A small New Zealand company, EStarFuture Corp., has a very green car ready for prototyping and dispersed manufacture. There is clearly an urgent need for such a vehicle, but footdragging hypocrisy by car- and oil-barons is powerfully resistant, and traditional capital is set in planet-last concrete.
PEOPLE-POWER & PEOPLE-PENNIES FOR A PLANET-FRIENDLY CAR
(A call for a technological 'Orange Revolution'--but Green...)
EStarFuture Corporation (www.estarfuturecorp.com), a small New Zealand company passionate about the planet, is taking a novel approach in its bid to develop its advanced electric vehicle as soon as possible--it is appealing for 'pennies' to the people of the planet.
EStarFuture's managing director Nobilangelo Ceramalus (pronounced noble-arn-jillo kerra-mar-liss), a native-born NZer, the scientist and mechanical engineer heading the EStarCar Project, says the predicament the Earth is in from our addiction to vehicles that run on 'Black Stuff' makes the development of a truly green replacement a matter of urgency--'The monthly data from earth-watching satellites and from a myriad of scientific studies shows how dire things are getting.'
'It is imperative that we end the reign of the oil-barons and set about cleansing the world of their black stain,' he says. 'We cannot wait for the self-serving, oil-addicted carmakers whose promises of electric vehicles have a constantly receding horizon--except for a few outrageously-expensive, handmade prototypes to keep the California Air Resources Board off their backs. They are just "greenwashing" while they carry on manufacturing the same old highly profitable, planet-wrecking devices.'
He pours scorn on their pretence that decades of time and billions of dollars in R&D are needed before mass-production of FCVs (fuel-cell vehicles) can begin.
'People-power and people-pennies can cut through all that blarney and hypocrisy,' he says. 'Traditional methods of raising capital are too uncertain, and too slow, and they are driven, and therefore distorted, by short-term financial greed instead focusing on the true bottom line, which is life and the quality of life--both critically dependent on the planet we live on and the sky we live in.'
The EStarCar does not just begin with people-power. It continues the same way, because it is designed to be manufactured by small teams all over the planet rather than huge plants. Ceramalus says traditional vehicles--'powered by serial Molotov Cocktails'--have an inherent need for massive manufacturing infrastructures because of their complexity, but an electric vehicle is far simpler, so its manufacture can, and should, have a fundamentally different approach.
He points to the parallel in the computing industry. When personal computers replaced the mainframe (and he notes that they were not invented by mainframe-makers), manufacturing and support moved from a few massive monopolies to a horde of small companies and individuals, and from massive costs to small ones. He thinks the 'Big Iron' carmakers realise that their enormous power and wealth will be destroyed by the electric vehicle, and that that is the real reason why they are putting off mass-production. They naturally want to keep making vehicles that they, and only they, can make. They are like the corrupt governments who cling to their self-serving ways--till people-power topples them.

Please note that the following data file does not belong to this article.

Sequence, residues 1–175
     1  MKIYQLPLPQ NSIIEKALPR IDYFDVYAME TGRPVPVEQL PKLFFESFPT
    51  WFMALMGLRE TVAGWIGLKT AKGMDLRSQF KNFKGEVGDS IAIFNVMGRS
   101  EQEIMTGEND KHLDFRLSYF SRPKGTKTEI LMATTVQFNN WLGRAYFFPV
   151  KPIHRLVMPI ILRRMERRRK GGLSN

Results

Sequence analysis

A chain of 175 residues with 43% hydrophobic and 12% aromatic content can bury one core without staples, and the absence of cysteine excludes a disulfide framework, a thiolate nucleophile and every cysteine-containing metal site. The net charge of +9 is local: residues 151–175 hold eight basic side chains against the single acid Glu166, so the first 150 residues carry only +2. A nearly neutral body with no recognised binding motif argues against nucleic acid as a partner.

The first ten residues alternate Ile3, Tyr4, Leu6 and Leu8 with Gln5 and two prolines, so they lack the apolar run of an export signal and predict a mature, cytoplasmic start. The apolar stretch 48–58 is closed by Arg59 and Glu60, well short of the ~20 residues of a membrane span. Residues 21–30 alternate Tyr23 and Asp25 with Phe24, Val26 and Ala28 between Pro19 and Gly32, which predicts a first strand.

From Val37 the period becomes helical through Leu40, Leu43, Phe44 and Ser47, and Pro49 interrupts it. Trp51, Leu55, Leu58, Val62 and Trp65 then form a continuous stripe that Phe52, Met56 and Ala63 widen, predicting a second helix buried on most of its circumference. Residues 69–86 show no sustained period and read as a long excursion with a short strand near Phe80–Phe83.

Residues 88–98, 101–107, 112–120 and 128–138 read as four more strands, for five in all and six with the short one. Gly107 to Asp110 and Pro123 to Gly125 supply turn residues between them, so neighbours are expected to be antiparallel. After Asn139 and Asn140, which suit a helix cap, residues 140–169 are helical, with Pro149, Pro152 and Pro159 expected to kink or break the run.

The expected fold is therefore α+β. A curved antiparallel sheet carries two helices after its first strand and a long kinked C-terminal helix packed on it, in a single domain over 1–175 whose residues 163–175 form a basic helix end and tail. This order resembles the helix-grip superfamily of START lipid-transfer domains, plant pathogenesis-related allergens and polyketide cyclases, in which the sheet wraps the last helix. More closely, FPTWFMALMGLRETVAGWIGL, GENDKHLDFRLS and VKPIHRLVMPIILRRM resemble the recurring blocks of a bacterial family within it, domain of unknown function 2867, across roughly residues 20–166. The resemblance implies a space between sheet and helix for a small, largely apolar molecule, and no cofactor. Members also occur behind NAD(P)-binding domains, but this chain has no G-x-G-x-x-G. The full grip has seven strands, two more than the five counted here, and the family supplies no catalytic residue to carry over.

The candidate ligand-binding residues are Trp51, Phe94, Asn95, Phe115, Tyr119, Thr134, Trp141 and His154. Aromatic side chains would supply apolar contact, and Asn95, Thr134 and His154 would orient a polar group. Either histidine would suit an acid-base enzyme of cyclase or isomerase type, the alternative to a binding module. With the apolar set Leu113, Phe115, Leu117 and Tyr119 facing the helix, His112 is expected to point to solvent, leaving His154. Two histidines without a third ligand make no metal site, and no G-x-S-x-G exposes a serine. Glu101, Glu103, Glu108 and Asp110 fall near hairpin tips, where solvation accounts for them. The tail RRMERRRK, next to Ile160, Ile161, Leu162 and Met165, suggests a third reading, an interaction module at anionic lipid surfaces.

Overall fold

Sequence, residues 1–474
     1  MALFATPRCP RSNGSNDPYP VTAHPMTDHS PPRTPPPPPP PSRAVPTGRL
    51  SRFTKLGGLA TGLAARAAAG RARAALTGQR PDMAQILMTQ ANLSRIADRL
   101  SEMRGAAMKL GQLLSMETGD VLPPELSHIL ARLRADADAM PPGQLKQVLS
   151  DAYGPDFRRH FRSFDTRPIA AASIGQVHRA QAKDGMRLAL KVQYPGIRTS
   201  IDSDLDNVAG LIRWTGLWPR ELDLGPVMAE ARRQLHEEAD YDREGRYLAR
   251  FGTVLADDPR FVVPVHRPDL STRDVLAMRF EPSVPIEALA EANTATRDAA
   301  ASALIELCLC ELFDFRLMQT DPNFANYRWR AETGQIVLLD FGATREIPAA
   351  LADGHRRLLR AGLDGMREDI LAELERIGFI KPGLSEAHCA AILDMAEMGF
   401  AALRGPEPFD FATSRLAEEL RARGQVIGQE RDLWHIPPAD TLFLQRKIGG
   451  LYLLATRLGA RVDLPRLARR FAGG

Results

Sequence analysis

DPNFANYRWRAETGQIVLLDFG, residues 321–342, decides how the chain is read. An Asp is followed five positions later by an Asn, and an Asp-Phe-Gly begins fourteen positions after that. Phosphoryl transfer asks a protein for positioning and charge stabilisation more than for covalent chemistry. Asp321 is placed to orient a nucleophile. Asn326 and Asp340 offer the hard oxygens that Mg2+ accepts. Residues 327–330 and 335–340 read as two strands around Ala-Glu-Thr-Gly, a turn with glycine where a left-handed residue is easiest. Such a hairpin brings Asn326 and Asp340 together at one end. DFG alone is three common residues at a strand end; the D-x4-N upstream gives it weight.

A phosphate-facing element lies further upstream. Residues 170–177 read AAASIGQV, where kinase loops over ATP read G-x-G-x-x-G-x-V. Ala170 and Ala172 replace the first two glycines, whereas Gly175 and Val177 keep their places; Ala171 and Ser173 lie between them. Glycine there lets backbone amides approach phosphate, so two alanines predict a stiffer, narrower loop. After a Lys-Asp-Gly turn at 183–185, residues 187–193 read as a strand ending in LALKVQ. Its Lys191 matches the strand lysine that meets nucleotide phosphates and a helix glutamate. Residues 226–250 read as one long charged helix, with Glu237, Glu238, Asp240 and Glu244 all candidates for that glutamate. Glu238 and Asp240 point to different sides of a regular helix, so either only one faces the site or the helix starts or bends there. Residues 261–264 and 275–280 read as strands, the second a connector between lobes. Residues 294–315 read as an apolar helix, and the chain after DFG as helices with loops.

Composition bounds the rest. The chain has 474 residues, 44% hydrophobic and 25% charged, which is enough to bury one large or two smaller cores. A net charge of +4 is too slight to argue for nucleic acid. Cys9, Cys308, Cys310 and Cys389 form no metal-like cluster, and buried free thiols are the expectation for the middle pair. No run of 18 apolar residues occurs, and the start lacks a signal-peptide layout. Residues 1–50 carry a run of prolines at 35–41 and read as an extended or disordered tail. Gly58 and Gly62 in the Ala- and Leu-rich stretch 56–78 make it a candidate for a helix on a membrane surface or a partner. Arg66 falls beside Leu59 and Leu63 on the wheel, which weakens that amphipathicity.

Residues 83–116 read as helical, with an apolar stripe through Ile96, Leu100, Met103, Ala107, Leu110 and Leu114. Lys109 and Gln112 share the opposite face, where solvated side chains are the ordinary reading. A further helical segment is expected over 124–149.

'The EStarCar Project is a people-power Green Revolution to end the poisonous reign of the Black Stuff,' he says.
The design of the EStarCar (outlined at www.estarfuturecorp.com/estarcar.html) has been kept simple to minimise the cost and complexity of development and manufacture, but the fact that it gathers nine off-the-shelf sources of power into one vehicle, with a tenth being considered, underscores its advanced nature. Ceramalus says there is no legacy thinking in it. 'It began with a bare patch of road.' He criticises the EV efforts of the Big Iron carmakers, 'who just adapt what they have always done, instead of recognising that an EV is fundamentally different to an ICV (internal-combustion vehicle) and therefore must be entirely rethought.'
'Vehicles are first and foremost for people and the planet,' he says, 'not for carmakers. The lives of the driver and passengers must be of paramount importance, but that does not just mean keeping them safe by careful ergonomic design and good engineering while they are on the road. It means protecting at all times their planet and their sky--unlike present cars, which might have airbags for the occasional crash, but pollute every singel breath we take.'
'The EStarCar is very definitely for the planet and the people of the planet, so it is logical and appropriate that people-pennies should fund its development,' says Ceramalus. 'The return will be a better world.'
The remaining development of the EStarCar is expected to take one to two years. Ceramalus says it may well possible to do it in one, but he dislikes predictions that may prove uncomfortable. Development is costed at $US500,000, using off-the-shelf or easily-machined parts and straightforward software. Ceramalus says the modest cost and two-year maximum timeframe prove the extent to which the Big Iron carmakers have hoodwinked us into believing that billions and decades are needed.
He points out that to put the EStarCar on the road, 'people-pennies' needs only $US100 from 5000 people, $50 from 10,000, $20 from 25,000, or $10 from 50,000. He quotes an old saying, 'Many a little makes a lot.' And adds, 'In this case, a lot for the planet.'